NP 0F AE F0
Serializes load and store operations.
|Op/En||Operand 1||Operand 2||Operand 3||Operand 4|
Performs a serializing operation on all load-from-memory and store-to-memory instructions that were issued prior the MFENCE instruction. This serializing operation guarantees that every load and store instruction that precedes the MFENCE instruction in program order becomes globally visible before any load or store instruction that follows the MFENCE instruction.1 The MFENCE instruction is ordered with respect to all load and store instructions, other MFENCE instructions, any LFENCE and SFENCE instructions, and any serializing instructions (such as the CPUID instruction). MFENCE does not serialize the instruction stream.
Weakly ordered memory types can be used to achieve higher processor performance through such techniques as out-of-order issue, speculative reads, write-combining, and write-collapsing. The degree to which a consumer of data recognizes or knows that the data is weakly ordered varies among applications and may be unknown to the producer of this data. The MFENCE instruction provides a performance-efficient way of ensuring load and store ordering between routines that produce weakly-ordered results and routines that consume that data.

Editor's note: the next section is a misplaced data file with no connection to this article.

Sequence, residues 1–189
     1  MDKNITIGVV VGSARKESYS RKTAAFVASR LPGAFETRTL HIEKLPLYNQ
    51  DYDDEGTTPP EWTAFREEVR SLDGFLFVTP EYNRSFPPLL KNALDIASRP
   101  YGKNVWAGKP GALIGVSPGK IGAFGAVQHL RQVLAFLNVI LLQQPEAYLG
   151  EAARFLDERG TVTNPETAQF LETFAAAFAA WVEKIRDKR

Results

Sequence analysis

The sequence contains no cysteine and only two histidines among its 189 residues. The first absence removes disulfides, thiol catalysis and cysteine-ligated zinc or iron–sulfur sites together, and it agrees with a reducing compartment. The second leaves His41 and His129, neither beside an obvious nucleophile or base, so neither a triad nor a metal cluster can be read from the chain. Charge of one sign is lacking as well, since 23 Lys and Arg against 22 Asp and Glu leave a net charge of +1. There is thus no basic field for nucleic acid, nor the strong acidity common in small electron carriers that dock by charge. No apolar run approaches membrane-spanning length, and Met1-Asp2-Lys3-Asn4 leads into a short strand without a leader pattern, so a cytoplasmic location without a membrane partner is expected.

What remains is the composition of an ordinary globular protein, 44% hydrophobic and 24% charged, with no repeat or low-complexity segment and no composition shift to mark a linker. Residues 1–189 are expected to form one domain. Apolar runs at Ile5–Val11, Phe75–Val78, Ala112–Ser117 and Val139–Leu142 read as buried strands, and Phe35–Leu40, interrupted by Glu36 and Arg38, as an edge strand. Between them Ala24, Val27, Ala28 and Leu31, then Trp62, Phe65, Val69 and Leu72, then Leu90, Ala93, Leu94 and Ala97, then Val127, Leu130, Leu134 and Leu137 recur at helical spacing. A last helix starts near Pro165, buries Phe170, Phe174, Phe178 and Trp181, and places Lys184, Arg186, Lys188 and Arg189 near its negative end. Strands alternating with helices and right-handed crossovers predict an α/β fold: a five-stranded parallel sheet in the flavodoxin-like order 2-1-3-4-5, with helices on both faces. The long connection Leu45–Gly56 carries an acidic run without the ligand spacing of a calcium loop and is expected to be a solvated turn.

Processors are free to fetch and cache data speculatively from regions of system memory that use the WB, WC, and WT memory types. This speculative fetching can occur at any time and is not tied to instruction execution. Thus, it is not ordered with respect to executions of the MFENCE instruction; data can be brought into the caches specula-tively just before, during, or after the execution of an MFENCE instruction.
This instruction’s operation is the same in non-64-bit modes and 64-bit mode.
Specification of the instruction's opcode above indicates a ModR/M byte of F0. For this instruction, the processor ignores the r/m field of the ModR/M byte. Thus, MFENCE is encoded by any opcode of the form 0F AE Fx, where x is in the range 0-7.
If CPUID.01H:EDX.SSE2[bit 26] = 0.
If the LOCK prefix is used.
A load instruction is considered to become globally visible when the value to be loaded into its destination register is determined.